Stevie Wonder's live talkbox cover of 'Close to You' is mesmerising

30 September 2019, 12:01

Stevie Wonder on the talkbox
Stevie Wonder on the talkbox. Picture: Group W/YouTube/Reelin in the Years

By Tom Eames

Stevie Wonder was known as a genius from an incredibly young age, from the moment he walked into Berry Gordy's office at Motown in the early 1960s.

He can play pretty much any instrument you place in front of him, but one of the most unique was the talk box.

A full decade before Roger Troutman made the robotic-sounding instrument famous, Stevie was using it on his 1970s albums, and demonstrated its melodic sounds on live TV.

Read more: Stevie Wonder's 20 greatest songs, ranked

A talk box is an effects unit that allows musicians to modify the sound of an instrument by applying speech. To do this, a musician places a plastic into their mouth, and then mouths the words. This then makes the talk box 'vocalise' the instrument's output into a microphone.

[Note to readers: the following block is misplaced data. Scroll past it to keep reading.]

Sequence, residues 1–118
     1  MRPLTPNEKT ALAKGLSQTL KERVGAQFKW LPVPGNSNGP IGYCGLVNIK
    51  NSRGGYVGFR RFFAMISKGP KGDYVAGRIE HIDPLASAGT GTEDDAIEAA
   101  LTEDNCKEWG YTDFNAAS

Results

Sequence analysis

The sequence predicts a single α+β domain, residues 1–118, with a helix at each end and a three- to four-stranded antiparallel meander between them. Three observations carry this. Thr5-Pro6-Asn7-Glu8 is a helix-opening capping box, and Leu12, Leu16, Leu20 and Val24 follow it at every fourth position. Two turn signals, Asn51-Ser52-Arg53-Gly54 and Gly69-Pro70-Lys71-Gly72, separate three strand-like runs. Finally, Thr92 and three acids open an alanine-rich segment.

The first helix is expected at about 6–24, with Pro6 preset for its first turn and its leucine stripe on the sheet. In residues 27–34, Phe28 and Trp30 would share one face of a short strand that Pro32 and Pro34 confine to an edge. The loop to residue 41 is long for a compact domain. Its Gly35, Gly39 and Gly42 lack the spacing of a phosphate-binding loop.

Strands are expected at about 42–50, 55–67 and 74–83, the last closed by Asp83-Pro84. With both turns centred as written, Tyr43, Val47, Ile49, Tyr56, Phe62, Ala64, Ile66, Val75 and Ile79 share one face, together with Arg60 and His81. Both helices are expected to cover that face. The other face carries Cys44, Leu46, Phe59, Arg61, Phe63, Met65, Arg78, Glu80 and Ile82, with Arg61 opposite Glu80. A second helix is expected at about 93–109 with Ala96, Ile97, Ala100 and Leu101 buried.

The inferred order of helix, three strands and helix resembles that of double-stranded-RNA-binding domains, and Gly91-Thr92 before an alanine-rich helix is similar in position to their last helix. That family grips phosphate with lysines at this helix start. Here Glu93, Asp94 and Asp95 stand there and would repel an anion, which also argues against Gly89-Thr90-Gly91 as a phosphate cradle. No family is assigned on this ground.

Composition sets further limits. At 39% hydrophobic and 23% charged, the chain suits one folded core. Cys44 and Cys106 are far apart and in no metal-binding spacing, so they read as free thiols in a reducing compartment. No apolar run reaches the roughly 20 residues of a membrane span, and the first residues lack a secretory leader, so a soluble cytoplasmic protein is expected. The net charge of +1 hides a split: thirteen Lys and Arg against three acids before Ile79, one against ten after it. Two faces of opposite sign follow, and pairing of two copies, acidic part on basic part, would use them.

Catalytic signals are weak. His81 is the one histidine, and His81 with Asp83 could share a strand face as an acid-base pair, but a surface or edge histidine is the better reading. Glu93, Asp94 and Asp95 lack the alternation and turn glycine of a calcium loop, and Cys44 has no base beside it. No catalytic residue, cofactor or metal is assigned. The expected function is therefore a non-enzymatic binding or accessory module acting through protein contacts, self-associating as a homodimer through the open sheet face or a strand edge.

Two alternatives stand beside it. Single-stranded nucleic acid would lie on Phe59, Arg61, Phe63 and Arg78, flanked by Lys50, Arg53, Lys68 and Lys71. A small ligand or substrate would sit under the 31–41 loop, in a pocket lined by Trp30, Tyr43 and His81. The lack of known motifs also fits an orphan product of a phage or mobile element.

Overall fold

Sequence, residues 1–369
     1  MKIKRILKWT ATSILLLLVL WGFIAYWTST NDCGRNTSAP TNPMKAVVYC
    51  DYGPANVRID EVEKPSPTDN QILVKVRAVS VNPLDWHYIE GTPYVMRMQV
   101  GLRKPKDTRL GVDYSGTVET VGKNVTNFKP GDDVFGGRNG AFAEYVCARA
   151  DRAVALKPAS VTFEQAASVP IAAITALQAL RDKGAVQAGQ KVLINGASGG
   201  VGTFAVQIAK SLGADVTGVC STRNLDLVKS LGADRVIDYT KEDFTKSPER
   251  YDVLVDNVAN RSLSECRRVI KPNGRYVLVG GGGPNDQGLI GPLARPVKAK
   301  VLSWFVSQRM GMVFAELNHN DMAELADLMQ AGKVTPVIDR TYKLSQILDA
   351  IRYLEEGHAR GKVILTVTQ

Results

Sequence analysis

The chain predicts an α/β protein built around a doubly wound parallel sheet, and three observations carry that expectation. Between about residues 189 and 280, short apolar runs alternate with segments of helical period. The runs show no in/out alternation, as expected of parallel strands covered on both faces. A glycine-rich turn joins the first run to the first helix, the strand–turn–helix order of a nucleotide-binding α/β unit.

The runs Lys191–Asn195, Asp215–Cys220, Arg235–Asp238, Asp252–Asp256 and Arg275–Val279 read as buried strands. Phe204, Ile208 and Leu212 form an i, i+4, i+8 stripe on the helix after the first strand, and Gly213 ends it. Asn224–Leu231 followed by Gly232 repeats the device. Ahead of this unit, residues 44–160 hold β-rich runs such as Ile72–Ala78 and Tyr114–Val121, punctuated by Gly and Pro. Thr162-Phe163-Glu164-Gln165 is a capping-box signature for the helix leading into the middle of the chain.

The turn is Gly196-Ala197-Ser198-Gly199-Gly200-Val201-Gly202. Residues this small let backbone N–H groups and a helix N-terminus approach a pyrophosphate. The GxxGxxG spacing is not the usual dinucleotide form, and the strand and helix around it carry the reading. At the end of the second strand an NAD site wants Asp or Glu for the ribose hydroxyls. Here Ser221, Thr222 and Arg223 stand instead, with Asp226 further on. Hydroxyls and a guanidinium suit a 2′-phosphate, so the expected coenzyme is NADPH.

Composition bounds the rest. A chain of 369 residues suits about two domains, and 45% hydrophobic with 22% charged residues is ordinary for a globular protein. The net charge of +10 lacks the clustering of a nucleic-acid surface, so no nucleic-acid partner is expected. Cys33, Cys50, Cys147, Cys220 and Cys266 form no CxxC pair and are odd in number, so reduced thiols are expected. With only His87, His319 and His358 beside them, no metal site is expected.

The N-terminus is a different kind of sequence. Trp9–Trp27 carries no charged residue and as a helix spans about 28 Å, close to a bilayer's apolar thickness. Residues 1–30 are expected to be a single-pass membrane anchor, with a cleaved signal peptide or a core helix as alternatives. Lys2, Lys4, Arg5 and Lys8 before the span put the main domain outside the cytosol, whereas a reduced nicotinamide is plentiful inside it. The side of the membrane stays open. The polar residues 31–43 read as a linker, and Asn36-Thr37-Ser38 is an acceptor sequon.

Stevie, then aged just 21, appeared on The David Frost Show, and proceeded to perform a medley of the Carpenters' 'Close to You' and the Jackson 5's 'Never Can Say Goodbye', using the talk box to sing the lyrics.

David Frost looked on in amazement at the immense talent of the young man in front of him, and it's a joy to watch.

This version of 'Close to You' was later sampled on Frank Ocean's Blonde album, on a track also called 'Close to You':

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